Victim rights

We work with ASEAN Member States to ensure implementation of ACTIP commitments, especially in connection to victim rights.

The ASEAN Convention Against Trafficking in Persons, Especially Women and Children (ACTIP) represents a collective statement of the region’s commitment to fighting the exploitation of its citizen.

Find out more about ASEAN-ACT activities to support victim rights by subscribing to our e-newsletter or by reading our case studies and stories.

Dimensions of victim rights in the ASEAN context

The ACTIP provides clear obligations for ASEAN Member States to protect the rights of trafficking victims. For example, it provides for victim identification in one country to be recognised automatically in another. It also provides for identified victims to have access to assistance and specifies that victims should not be held unreasonably in detention before, during or after legal or administrative proceedings.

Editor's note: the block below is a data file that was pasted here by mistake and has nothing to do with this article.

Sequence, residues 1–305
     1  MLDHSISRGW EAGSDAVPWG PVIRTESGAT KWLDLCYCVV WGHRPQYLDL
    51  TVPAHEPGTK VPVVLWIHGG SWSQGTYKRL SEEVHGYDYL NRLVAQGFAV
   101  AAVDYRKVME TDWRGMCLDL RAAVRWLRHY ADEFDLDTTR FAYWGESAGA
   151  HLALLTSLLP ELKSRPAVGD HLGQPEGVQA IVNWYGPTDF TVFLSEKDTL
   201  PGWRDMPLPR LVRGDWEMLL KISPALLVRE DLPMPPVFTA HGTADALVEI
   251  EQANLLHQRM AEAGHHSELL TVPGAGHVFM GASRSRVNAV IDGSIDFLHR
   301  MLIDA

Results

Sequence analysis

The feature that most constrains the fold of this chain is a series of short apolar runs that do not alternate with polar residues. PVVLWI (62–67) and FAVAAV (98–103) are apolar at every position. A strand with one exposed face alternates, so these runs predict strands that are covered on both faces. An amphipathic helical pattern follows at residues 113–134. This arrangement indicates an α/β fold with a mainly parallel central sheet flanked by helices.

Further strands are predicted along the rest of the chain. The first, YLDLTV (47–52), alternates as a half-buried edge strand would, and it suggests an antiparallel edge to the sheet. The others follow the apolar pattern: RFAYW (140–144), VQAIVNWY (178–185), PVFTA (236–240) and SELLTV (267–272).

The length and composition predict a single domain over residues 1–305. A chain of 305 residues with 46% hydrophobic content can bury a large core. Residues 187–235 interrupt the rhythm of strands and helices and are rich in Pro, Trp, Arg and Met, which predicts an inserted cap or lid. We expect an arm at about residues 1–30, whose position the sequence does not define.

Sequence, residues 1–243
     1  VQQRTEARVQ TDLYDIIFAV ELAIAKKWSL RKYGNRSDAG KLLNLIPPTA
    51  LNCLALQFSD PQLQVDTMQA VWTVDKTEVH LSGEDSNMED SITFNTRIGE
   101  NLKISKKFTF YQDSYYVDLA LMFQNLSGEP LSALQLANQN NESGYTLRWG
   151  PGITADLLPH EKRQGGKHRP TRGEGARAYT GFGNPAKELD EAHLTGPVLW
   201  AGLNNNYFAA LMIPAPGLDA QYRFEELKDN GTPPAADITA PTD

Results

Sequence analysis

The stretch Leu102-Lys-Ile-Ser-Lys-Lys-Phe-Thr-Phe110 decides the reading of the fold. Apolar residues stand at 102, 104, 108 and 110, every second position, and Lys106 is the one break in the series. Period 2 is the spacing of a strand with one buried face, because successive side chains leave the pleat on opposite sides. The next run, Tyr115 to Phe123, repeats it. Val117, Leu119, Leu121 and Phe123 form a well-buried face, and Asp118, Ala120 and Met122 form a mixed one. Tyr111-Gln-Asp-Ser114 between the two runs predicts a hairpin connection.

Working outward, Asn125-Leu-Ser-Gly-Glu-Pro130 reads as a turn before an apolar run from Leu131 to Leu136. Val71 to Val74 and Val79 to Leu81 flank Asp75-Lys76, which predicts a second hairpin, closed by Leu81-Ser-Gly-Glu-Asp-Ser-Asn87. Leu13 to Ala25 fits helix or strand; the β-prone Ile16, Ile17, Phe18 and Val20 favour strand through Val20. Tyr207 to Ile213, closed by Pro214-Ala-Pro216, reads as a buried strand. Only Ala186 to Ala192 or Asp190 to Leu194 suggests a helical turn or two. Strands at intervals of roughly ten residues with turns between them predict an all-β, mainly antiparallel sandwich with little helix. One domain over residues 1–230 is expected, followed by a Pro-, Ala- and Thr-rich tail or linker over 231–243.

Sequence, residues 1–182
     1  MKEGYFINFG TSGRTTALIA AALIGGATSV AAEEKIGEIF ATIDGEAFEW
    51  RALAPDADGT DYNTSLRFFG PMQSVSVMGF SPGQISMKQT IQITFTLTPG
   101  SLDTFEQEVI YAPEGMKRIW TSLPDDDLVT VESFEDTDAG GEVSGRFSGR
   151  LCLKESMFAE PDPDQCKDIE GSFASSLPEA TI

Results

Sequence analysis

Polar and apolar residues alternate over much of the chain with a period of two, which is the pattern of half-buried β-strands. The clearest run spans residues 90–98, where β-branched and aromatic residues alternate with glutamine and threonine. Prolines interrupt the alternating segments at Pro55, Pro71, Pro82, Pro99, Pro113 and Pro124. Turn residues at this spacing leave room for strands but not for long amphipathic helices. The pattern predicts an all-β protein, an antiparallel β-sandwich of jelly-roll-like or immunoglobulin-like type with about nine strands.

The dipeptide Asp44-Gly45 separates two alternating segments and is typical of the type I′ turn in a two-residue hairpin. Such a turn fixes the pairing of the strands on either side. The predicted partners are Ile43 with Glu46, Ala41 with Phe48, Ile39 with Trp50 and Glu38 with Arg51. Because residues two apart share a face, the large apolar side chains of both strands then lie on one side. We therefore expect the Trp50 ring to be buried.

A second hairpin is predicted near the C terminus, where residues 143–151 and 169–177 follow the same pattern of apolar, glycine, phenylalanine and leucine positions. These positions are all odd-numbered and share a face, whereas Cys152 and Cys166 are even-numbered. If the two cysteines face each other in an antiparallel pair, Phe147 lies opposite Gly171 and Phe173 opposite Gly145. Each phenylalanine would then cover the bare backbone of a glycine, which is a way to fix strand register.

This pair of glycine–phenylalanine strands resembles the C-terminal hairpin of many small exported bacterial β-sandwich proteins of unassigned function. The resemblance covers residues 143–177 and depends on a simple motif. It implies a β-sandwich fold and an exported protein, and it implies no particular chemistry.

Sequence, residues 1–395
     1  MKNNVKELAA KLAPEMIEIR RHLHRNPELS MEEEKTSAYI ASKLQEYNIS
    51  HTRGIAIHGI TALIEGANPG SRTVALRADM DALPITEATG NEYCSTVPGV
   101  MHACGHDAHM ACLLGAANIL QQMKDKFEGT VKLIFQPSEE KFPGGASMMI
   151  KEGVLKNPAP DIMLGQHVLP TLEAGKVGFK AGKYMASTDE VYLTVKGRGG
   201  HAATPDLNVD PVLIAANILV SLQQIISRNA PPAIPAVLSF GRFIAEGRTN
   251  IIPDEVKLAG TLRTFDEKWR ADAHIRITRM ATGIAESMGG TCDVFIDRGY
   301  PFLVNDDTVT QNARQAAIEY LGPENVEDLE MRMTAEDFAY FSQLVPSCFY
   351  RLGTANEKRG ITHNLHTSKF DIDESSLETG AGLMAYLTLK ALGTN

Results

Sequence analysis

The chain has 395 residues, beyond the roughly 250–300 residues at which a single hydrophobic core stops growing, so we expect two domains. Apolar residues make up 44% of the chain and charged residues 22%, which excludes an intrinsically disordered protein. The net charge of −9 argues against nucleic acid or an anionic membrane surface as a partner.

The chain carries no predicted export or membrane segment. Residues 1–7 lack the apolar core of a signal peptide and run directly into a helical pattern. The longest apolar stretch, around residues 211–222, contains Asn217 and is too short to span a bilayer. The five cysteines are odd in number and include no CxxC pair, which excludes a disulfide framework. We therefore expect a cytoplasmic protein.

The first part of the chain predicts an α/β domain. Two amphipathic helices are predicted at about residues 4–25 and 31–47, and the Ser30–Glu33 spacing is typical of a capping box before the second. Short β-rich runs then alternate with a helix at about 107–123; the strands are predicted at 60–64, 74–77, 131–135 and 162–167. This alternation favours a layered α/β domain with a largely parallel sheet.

Victim identification
Non-criminalisation and conditionality
Right to information about rights
Right to legal assistance
Right to remedy

Terminology – ‘victims’ and ‘survivors’

ASEAN-ACT routinely uses the term ‘victim’, not ‘survivor’, to refer to people who are trafficked. However, both terms are valid and have different implications when used in the context of law and justice, advocacy and service provision.

The term ‘victim’ has legal consequences within the criminal justice process. It refers to an individual who has suffered harm as a result of criminal conduct. The laws that give individuals particular rights and legal standing within the criminal justice system use the term ‘victim’. Law enforcement agencies such as police also use the term ‘victim’ when talking about crime.

‘Survivor’ is a term widely used by service providers and advocacy groups. It recognises the strength and courage people show in overcoming victimisation.